The Government of Israel has refused to comment officially one way or the other on the ousting of Egypt's elected President Mohammed Morsi. A Likud member of the parliament close to Prime Minister Benjamin Netanyahu, however, expressed his hope that the interim president in Cairo, Adli Mansour, will resume bilateral contacts with Israel.
Tzahi Hanegbi, who is also on the Knesset Foreign Affairs and Defence Committee, praised what he described as Israel's continued good relationships with the Egyptian armed forces. He stressed that there were "legitimate doubts" over the Camp David peace treaty, signed with Egypt in 1979, "as Morsi cut all diplomatic contacts with Israel" during his year in office.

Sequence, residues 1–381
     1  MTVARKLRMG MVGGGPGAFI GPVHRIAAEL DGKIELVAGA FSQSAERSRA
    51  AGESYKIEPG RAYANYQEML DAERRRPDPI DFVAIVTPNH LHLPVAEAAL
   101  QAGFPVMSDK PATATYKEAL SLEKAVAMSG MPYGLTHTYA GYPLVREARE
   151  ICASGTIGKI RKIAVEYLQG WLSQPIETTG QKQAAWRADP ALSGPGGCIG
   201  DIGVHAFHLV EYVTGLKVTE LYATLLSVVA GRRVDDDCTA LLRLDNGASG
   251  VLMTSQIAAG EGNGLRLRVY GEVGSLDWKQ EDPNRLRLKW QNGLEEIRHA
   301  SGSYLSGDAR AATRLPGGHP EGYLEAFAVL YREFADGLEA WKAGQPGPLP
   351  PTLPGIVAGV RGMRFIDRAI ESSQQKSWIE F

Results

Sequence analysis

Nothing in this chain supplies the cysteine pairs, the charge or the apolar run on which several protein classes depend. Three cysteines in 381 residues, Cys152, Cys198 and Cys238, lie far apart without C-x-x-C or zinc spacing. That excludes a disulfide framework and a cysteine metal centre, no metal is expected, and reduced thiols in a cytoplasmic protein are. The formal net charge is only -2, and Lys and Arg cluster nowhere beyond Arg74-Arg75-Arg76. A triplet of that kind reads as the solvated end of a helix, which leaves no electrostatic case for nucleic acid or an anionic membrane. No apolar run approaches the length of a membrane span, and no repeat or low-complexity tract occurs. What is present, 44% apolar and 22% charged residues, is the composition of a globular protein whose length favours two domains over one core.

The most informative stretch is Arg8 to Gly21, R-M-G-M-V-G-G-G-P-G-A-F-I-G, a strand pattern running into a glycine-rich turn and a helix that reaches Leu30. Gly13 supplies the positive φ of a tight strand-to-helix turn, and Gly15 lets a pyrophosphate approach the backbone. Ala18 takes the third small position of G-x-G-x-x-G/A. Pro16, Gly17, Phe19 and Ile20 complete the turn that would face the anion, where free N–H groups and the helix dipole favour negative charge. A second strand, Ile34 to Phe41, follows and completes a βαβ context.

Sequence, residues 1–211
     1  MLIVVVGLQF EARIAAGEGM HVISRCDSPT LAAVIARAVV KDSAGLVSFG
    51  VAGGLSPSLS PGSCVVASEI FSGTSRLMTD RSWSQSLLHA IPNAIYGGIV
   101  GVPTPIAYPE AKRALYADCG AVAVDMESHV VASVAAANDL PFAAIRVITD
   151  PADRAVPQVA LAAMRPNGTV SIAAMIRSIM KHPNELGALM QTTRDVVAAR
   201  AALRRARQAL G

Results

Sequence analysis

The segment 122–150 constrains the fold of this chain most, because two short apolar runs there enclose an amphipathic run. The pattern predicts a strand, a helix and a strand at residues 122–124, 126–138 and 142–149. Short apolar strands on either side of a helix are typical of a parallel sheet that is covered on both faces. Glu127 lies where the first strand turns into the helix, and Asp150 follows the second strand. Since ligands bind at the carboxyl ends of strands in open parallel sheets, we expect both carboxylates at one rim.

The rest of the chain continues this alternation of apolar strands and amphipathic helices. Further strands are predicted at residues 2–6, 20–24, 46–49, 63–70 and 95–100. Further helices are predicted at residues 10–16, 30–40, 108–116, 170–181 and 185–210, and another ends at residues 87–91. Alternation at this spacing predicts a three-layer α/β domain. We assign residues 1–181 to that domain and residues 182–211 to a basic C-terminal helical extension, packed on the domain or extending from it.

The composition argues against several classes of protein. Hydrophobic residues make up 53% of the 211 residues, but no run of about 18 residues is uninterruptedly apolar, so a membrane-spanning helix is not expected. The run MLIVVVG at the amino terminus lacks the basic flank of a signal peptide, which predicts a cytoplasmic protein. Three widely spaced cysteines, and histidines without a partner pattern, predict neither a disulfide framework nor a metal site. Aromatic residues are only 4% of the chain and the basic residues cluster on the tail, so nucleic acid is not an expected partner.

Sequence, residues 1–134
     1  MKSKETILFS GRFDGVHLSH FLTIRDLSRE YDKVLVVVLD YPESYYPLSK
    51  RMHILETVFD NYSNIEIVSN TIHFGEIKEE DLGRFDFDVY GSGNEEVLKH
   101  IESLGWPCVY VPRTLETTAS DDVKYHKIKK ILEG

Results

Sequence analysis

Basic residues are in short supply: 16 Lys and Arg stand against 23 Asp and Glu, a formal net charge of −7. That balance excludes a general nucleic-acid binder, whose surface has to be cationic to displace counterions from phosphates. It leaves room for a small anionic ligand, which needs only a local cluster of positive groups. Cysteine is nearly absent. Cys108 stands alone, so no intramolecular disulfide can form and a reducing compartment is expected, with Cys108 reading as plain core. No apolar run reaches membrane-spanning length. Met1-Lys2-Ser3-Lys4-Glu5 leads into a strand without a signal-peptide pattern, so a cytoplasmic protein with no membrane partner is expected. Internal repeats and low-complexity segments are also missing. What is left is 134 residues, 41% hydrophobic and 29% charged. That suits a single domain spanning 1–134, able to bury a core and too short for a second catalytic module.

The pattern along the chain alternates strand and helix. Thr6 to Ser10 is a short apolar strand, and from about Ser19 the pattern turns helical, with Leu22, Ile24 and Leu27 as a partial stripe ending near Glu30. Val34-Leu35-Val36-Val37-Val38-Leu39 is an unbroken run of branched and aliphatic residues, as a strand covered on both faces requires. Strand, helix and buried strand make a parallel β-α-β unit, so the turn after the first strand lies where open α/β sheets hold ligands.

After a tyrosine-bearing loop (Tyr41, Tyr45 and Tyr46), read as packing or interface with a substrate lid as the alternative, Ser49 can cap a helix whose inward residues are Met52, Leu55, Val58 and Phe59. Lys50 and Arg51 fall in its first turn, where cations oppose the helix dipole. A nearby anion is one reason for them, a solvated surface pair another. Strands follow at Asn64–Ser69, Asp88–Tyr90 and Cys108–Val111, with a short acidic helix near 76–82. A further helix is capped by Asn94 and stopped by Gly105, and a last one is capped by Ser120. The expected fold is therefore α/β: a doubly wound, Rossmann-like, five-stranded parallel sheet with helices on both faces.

"The events of [Wednesday] strengthen our feeling that we might have passed the bad period," Hanegbi told Israel's Army Radio, "and that there might be an opportunity now for diplomatic relations with the person who will rule Egypt in the near future, whoever he is."
Retired general and former national security adviser Giora Eiland was asked by the radio host if the Israel Defence Forces would ever be happy to oust an Israeli elected leader. "I think so," he replied, "but, of course, they can't say that."